| Sayash Kapoor and (right) Vaibhav Agarwal at the science exhibition in Ranchi. Telegraph picture |
Patna, Aug. 8: Two Delhi Public School, Patna, students have qualified for the national round of Central Board of Secondary Education (CBSE) Science Exhibition.
The topic of the exhibition is ‘Science, Society and Environment’. There are a total of six sub-themes — agriculture and food security, energy resources and conservation, health, environment issues and concerns, mathematics and everyday life and disaster management.
Sayash Kapoor and Vaibhav Agarwal, students of Class X and IX respectively, were chosen for the meet in October. They were selected from the regional-level competition held in Ranchi on August 6 and 7.
The two students would represent the state at the national-level exhibition to be held in September-October in Delhi and would compete with students from across the country. DPS, Patna, was the only school from the state capital to take part in the regional-level competition. Ten schools had participated from Jharkhand and Bihar.
Sayash, 15, told The Telegraph: “We tried to create a zero-energy city. First, we need to minimise the amount of energy we are using and then the rest can be produced from sunrays or wind. Three years back, I had made a model titled ‘Energy audit of the school building’ and the working project which we have made for the exhibition is an extension of that.”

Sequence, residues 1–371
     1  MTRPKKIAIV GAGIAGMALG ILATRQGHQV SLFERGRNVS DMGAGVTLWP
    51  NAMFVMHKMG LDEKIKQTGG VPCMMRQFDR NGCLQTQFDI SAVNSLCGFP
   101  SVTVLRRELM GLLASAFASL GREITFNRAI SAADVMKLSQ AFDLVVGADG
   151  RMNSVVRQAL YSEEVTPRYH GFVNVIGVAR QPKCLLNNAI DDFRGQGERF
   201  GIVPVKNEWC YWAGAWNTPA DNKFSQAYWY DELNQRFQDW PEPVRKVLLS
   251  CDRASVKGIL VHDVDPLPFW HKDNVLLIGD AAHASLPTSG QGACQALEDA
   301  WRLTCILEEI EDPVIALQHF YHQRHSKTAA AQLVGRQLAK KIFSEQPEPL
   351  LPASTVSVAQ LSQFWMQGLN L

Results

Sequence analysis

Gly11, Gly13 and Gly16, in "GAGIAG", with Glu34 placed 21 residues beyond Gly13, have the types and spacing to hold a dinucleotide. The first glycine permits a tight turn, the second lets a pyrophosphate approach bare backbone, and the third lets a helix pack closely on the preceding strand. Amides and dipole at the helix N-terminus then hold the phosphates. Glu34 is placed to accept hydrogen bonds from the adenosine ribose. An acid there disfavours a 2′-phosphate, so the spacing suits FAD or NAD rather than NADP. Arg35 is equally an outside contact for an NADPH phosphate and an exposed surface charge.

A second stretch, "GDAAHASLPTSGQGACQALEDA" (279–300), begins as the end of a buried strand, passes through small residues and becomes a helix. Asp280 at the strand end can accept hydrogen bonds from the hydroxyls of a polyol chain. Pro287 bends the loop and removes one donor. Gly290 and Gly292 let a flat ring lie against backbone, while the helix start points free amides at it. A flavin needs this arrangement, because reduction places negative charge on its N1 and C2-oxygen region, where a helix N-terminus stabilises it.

He added: “The previous model dealt with improvement of energy efficiency of the school building, while this one is about how to create a zero energy city.” Explaining the concept, Sayash said: “A zero energy city is basically one that does not require any source of power and is completely self-sufficient. It does not depend on any source of energy except for renewable sources like solar energy. Three years back, when I made the project, it was on a small scale. So, I along with my friend Vaibhav decided to make it on a larger level through the CBSE Science Exhibition.”
Fourteen-year-old Vaibhav said: “Our project focussed on the conservation of energy and then producing the left-over energy by non-conventional sources. We have brought upon ancient Indian techniques. They were lost in history books. We used simple methods to replace refrigerators and air-conditioners.”
He added: “There were many projects from all fields of science. It was a learning experience and we got an opportunity to compete with students of 52 other groups.”